The structure is formed from several layers, to give a flaky texture with loose bonding between adjacent layers, according to the Israeli startup. This creates the unique structure of the fish. The new approach, with the company’s 3D printing technology, will allow the production of a wide variety of seafood, species and cuts.
Steakholder Foods, formerly called MeaTech 3D, has facilities in Rehovot, Israel and Antwerp, Belgium and has recently expanded activities to the US. The company believes that cultivated fish has the potential to help reduce anticipated supply-side shortages due to climate change, overfishing and ever-increasing consumer demand. It also aims to make a valuable contribution to preserving marine ecosystems and wildlife by addressing the environmental challenges surrounding the aquaculture and fishing industries.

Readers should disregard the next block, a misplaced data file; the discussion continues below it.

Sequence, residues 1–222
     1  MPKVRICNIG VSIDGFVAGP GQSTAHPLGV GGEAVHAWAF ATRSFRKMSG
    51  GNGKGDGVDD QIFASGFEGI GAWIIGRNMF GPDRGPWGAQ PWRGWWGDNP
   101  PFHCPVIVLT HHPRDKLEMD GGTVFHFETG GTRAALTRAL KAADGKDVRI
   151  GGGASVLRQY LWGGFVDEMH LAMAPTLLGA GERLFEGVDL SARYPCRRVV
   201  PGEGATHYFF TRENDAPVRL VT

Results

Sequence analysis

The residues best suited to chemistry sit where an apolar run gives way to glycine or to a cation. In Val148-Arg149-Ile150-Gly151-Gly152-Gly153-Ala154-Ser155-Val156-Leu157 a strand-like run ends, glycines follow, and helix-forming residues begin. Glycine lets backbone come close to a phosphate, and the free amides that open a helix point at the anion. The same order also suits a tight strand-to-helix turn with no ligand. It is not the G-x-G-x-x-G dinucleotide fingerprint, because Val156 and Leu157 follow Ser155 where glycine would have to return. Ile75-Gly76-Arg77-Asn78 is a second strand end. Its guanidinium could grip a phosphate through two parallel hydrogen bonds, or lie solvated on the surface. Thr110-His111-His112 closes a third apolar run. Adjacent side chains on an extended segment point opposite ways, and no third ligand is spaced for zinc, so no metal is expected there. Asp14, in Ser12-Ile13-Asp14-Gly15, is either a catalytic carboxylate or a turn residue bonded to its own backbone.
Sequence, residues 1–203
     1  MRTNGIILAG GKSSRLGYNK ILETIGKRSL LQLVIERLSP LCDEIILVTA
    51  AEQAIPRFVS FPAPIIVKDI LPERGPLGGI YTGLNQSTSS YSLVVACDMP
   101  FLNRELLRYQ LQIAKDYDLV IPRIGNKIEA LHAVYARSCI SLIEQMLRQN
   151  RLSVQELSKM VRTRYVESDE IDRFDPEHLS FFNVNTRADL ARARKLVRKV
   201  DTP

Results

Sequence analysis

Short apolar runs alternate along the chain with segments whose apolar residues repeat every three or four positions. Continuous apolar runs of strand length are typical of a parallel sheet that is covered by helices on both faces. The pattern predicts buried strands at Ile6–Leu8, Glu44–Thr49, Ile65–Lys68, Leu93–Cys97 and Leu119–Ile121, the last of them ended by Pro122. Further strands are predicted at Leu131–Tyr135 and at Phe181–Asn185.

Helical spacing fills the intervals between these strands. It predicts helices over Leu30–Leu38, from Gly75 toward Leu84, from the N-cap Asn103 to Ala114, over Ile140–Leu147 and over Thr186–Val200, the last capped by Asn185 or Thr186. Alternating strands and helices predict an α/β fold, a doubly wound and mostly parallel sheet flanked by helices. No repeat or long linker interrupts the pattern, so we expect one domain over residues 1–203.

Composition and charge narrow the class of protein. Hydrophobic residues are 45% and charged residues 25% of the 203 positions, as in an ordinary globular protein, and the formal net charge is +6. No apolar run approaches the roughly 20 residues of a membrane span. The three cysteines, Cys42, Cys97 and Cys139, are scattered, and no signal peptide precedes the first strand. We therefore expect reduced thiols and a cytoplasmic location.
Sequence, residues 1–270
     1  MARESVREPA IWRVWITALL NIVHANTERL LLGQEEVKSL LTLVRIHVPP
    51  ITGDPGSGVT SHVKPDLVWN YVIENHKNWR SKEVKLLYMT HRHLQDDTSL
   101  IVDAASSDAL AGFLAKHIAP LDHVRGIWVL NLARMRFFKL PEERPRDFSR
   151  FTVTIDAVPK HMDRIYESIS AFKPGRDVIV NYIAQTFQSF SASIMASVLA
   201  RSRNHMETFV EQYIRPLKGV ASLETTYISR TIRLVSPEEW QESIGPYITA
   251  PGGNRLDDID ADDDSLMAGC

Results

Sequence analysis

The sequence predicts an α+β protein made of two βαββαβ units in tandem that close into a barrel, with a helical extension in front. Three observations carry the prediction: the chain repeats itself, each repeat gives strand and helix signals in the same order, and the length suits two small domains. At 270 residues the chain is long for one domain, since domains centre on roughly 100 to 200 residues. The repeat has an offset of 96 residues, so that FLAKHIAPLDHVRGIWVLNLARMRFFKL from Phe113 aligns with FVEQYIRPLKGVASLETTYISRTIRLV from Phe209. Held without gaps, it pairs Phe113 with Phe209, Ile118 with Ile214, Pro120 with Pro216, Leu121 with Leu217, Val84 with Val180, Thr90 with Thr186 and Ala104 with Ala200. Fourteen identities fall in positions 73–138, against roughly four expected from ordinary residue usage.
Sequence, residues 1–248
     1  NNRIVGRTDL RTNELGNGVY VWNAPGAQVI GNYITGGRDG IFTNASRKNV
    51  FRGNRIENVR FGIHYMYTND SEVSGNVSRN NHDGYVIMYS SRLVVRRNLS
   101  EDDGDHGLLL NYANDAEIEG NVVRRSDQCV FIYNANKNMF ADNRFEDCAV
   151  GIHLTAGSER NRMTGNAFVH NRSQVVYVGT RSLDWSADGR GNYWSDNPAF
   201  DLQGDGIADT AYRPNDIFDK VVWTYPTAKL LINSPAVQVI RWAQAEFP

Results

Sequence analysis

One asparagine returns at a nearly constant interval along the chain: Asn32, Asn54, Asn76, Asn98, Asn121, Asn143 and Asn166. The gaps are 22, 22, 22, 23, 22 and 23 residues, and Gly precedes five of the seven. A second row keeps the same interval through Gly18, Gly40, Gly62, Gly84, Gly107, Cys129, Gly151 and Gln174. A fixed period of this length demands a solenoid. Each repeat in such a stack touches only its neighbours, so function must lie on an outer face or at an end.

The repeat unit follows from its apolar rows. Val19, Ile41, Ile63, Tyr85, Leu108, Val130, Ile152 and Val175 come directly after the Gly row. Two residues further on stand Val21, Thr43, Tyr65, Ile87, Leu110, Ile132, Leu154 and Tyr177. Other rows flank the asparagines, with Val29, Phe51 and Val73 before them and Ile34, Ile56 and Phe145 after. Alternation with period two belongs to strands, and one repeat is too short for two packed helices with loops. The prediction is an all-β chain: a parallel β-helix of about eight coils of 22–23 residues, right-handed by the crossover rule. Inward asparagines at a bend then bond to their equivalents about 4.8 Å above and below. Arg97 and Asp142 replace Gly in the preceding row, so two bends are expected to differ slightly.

Arik Kaufman, CEO of Steakholder Foods, said in a press release: “The filing of this provisional patent application is another significant step forward in our ability to 3D print a wide variety of species. We are passionate and committed to using our technological versatility to make both the terrestrial and marine animal protein industries more sustainable.”